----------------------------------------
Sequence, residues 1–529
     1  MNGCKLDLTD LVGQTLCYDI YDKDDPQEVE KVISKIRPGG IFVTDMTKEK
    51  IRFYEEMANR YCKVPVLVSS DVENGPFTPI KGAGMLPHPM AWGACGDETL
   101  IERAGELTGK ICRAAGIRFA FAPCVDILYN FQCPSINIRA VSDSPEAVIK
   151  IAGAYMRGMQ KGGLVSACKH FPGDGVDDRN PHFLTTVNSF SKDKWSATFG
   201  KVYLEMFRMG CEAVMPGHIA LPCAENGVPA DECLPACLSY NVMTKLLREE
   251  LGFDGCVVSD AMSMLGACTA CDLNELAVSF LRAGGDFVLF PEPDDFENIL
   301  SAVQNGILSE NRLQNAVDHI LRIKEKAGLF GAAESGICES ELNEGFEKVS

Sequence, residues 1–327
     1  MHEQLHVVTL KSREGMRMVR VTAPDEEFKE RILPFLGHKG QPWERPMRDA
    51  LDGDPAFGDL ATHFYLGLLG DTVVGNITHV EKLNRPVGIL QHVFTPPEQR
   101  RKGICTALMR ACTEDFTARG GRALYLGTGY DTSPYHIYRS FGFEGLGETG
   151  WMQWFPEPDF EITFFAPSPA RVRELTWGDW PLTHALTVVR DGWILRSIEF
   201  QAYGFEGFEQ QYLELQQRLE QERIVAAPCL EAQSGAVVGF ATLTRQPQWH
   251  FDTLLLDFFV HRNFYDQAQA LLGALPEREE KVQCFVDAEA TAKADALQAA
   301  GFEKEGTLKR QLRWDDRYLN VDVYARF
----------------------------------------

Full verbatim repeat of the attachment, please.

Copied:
Sequence, residues 1–529
     1  MNGCKLDLTD LVGQTLCYDI YDKDDPQEVE KVISKIRPGG IFVTDMTKEK
    51  IRFYEEMANR YCKVPVLVSS DVENGPFTPI KGAGMLPHPM AWGACGDETL
   101  IERAGELTGK ICRAAGIRFA FAPCVDILYN FQCPSINIRA VSDSPEAVIK
   151  IAGAYMRGMQ KGGLVSACKH FPGDGVDDRN PHFLTTVNSF SKDKWSATFG
   201  KVYLEMFRMG CEAVMPGHIA LPCAENGVPA DECLPACLSY NVMTKLLREE
   251  LGFDGCVVSD AMSMLGACTA CDLNELAVSF LRAGGDFVLF PEPDDFENIL
   301  SAVQNGILSE NRLQNAVDHI LRIKEKAGLF GAAESGICES ELNEGFEKVS

Sequence, residues 1–327
     1  MHEQLHVVTL KSREGMRMVR VTAPDEEFKE RILPFLGHKG QPWERPMRDA
    51  LDGDPAFGDL ATHFYLGLLG DTVVGNITHV EKLNRPVGIL QHVFTPPEQR
   101  RKGICTALMR ACTEDFTARG GRALYLGTGY DTSPYHIYRS FGFEGLGETG
   151  WMQWFPEPDF EITFFAPSPA RVRELTWGDW PLTHALTVVR DGWILRSIEF
   201  QAYGFEGFEQ QYLELQQRLE QERIVAAPCL EAQSGAVVGF ATLTRQPQWH
   251  FDTLLLDFFV HRNFYDQAQA LLGALPEREE KVQCFVDAEA TAKADALQAA
   301  GFEKEGTLKR QLRWDDRYLN VDVYARF